According to the Office for National Statistics (ONS), this is more than the total number of nurses who took their own life over the five years between 2013 and 2017.

IOSH also cited a separate study which used retrospective media reports to identify a total of 26 worldwide Covid-19-related suicides among healthcare professionals.

A third study in Cyprus also suggested that healthcare workers were experiencing post-traumatic stress, anxiety and depression as a result of the pandemic.

OSH professionals to identify and help those at risk

IOSH believes that supporting and promoting positive mental health and wellbeing in the workplace should form part of the occupational safety and health (OSH) role. Almost 3 in 4 respondents to the 2021 IOSH member survey agreed with them.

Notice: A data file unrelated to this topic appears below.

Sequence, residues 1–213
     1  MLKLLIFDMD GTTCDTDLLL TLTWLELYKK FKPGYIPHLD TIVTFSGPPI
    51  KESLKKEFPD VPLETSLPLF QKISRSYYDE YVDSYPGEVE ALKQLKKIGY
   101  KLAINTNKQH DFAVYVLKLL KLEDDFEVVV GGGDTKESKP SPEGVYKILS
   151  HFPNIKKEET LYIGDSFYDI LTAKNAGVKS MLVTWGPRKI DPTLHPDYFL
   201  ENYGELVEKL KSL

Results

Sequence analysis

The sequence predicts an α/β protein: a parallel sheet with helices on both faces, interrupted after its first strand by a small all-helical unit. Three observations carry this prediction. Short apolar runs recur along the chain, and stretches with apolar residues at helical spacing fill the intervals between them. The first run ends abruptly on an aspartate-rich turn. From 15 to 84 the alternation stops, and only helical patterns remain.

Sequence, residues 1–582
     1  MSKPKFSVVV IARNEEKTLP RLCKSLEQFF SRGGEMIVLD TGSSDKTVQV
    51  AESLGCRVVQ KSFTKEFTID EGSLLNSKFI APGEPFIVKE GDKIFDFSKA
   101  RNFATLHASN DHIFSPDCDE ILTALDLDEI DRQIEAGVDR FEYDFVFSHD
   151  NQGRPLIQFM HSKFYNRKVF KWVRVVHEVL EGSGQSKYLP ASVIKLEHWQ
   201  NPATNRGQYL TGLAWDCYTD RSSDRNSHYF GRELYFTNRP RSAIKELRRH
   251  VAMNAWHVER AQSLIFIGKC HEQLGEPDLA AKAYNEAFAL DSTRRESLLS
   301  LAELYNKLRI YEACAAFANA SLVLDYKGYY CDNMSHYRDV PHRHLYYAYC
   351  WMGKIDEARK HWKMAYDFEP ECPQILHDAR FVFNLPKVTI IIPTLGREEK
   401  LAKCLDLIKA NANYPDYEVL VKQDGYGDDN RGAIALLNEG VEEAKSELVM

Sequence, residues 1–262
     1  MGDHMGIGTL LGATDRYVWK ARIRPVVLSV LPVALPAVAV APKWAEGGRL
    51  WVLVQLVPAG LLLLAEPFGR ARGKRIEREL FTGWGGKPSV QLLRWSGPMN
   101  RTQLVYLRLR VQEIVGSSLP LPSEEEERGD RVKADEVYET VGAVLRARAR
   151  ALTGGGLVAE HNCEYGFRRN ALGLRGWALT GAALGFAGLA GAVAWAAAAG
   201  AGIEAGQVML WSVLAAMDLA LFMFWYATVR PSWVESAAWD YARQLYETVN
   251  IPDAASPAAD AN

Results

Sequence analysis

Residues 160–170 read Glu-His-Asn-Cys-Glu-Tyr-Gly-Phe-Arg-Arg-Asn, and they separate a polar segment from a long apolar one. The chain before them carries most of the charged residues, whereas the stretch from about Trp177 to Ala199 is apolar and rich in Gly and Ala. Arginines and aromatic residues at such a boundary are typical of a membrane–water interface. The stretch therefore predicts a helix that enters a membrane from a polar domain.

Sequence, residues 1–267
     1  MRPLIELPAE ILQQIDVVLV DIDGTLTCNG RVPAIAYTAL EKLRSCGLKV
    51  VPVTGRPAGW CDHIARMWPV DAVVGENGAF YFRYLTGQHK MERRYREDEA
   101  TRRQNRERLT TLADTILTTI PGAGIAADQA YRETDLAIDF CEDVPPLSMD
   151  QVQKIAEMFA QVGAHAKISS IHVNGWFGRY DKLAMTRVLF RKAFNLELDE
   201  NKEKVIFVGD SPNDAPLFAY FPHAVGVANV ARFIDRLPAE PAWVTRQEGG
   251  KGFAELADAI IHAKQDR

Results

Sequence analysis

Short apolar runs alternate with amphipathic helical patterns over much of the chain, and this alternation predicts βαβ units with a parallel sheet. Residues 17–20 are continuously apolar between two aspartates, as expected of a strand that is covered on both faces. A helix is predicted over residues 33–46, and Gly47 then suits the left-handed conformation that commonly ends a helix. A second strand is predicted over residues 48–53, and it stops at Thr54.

Karen Michell, the Research Programme Lead for Occupational Health at the professional body said it is time for businesses to “raise awareness and upskill where needed,” so that OSH professionals are equipped to “identify those at risk, advocate for them in the workplace and refer them on for supportive help as required.”

She also outlined key preventative strategies that OSH professionals could help implement in the workplace. These include:

  • Changing the culture at work to breakdown the stigma attached to mental health issues and encourage mental health conversations in the workplace
  • Asking colleagues if they are okay
  • Introducing interventions such as increased awareness of suicide and suicidal ideation among workers, training line managers and employees on how to identify the signs and offering access to support services that can help individuals.